Jaws, or How I Learned to Stop Worrying and Love Stinging Jellyfish
Although I claim Wisconsin and Missouri when asked where I’m from, I lived in South Carolina for the first six years of my life. It’s the home of the aforementioned graveyard the night I saw The Dark Crystal. As such, a lot of my childhood involved trips to the beach. I loved the trips to the beach. The sand was soft, the tide was soothing, and there were all sorts of sea creatures that you couldn’t find anywhere else. That’s how I felt until I got stung by a jellyfish, which gave me a healthy dose of apprehension about the ocean. Then when I was eight (a banner horror year), I was allowed to watch Jaws. Suffice it to say, jellyfish didn’t seem like such a scary thing anymore. It was another instance where everyday life was spun into something thrilling. I knew that huge sharks weren’t going to eat me when I went back to the ocean. But there was just enough doubt because of those asshole jellyfish.
Have I mentioned that my older brothers are assholes? My older brothers are assholes (if either are reading, I respect the hell out of you two despite the fact that you tortured the shit out of me as a kid). My oldest brother wanted to go see Ghostbusters when it was out. Even at 8 years old, I was already afflicted with the horror bug and begged him to take me. But honestly, what big brother wants to deal with a kid brother horrified of ghosts? So he warned me very sternly that I was not allowed to get scared. And I knew that he’d probably kick my ass if I embarrassed him, so I took it to heart. There’s no doubt that I was horrified during that movie. But not once did I make a scene. On the way out, he nudged me and said, “Well, did that scare you?” and he chuckled a knowing chuckle, well aware that it had scared the tar out of me. But I instantly defended myself with a tremendous lie, claiming that I wasn’t scared at all.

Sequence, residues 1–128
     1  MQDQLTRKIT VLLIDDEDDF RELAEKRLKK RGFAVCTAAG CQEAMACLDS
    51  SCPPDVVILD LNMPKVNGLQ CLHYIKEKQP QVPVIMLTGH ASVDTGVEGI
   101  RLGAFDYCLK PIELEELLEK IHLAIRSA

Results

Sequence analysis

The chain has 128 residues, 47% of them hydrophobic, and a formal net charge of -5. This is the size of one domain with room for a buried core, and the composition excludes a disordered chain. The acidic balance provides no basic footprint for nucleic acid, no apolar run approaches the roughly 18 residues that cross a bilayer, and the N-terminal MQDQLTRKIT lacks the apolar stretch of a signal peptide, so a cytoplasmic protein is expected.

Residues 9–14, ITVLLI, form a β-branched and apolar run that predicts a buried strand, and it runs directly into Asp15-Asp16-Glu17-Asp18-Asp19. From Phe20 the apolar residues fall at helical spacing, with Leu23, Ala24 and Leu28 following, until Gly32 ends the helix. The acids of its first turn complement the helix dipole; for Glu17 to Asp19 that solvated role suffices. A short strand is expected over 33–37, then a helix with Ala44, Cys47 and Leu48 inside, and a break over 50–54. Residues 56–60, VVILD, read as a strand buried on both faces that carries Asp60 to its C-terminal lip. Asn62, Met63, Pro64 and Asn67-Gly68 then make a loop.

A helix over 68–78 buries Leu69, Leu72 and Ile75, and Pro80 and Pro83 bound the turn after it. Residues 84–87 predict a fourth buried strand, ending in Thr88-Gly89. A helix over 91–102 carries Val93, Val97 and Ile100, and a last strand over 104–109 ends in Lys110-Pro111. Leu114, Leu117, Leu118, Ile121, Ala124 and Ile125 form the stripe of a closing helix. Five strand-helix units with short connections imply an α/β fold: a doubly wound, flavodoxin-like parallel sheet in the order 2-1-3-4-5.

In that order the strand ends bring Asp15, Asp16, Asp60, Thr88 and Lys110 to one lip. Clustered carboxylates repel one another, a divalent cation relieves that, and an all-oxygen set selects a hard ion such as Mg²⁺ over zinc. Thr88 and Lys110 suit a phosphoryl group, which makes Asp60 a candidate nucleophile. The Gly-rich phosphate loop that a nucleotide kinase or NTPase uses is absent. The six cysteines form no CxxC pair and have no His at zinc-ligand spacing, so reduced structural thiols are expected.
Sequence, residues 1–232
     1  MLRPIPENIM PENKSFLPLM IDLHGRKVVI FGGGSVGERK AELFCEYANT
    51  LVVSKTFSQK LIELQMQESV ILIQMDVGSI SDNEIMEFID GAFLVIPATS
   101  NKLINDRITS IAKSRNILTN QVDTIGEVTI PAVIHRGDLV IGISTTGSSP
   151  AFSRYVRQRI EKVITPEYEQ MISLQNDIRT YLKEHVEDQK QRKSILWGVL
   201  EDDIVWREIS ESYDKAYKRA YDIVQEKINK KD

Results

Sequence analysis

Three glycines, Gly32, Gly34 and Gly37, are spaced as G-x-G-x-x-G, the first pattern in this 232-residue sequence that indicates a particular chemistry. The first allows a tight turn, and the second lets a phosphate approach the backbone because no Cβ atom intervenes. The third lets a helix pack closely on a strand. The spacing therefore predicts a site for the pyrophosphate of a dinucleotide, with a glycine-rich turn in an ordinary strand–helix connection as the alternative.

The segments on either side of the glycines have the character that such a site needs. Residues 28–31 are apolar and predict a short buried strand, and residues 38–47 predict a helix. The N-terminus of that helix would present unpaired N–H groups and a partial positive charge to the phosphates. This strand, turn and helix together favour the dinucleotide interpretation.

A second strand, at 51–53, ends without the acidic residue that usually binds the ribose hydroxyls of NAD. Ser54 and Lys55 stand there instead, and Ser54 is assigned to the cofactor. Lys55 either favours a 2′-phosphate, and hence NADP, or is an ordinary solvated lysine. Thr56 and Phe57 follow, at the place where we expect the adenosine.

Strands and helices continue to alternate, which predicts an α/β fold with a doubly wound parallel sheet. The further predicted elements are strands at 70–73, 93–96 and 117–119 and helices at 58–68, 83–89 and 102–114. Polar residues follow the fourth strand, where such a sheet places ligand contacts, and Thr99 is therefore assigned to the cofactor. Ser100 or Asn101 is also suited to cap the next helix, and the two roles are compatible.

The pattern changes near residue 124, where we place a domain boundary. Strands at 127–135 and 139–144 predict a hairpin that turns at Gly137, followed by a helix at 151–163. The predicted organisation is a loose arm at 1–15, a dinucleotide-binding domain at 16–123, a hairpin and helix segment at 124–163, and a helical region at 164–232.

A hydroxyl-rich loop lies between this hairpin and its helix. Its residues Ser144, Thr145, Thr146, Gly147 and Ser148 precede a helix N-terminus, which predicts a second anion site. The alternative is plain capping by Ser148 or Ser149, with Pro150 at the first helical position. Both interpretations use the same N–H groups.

I learned one of the most important lessons that every horror lover must learn that day. When it comes to horror, it takes a special brand of cognitive dissonance to embrace the genre. Even when it strikes a nerve, you have to trudge through because there’s gold in them thar hills.
Along with conquering Ghostbusters and Jaws in 1984, I also managed to overcome Gremlins. This was the movie that taught me that humor and horror go hand in hand. It’s hard to be terrified if you’re laughing at little old ladies flying out of windows or horrible monsters flashing their junk at bartenders. And I realized I was wired a little different from other kids when the friend who came with me told me I was weird for liking that movie as much as I did.
Speaking of humor and horror going hand in hand, Scooby Doo is the ideal way to introduce children to the concept. Villains like the Black Knight, the Creeper, and the Snow Ghost were just enough to put a kid on edge, but always with the lesson in the end that it wasn’t a monster after all. The episodes were always topped off with chicanery from Scooby and the gang, which sapped the terror of its effectiveness. I’d say that Scooby was perfect for my generation, but the reality is that the Mystery Machine has been bringing horror to children almost non-stop since 1969. In other words, almost all of you can relate.